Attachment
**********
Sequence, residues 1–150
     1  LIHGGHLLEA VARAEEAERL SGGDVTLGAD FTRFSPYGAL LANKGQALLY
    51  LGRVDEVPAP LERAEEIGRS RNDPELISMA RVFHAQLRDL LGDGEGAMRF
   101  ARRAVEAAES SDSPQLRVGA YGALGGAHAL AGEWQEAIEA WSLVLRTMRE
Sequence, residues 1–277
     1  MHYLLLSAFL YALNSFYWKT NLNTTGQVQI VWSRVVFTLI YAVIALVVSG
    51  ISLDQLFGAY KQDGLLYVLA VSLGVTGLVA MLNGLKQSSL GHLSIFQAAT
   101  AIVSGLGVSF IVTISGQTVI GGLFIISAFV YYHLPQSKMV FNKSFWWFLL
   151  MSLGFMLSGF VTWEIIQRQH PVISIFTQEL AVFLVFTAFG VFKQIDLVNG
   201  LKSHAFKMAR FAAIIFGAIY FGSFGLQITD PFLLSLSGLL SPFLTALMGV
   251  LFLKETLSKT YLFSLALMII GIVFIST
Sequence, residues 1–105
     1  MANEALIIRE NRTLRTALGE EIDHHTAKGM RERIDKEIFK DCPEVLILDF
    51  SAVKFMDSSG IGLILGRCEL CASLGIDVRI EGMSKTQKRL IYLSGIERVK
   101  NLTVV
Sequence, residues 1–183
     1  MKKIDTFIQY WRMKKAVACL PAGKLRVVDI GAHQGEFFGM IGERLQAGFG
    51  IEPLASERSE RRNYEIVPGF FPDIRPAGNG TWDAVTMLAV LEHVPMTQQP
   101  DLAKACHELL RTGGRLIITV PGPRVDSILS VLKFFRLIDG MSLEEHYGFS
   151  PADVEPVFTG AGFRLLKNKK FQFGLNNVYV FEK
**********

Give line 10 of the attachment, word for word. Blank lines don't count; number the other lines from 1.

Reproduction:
   201  LKSHAFKMAR FAAIIFGAIY FGSFGLQITD PFLLSLSGLL SPFLTALMGV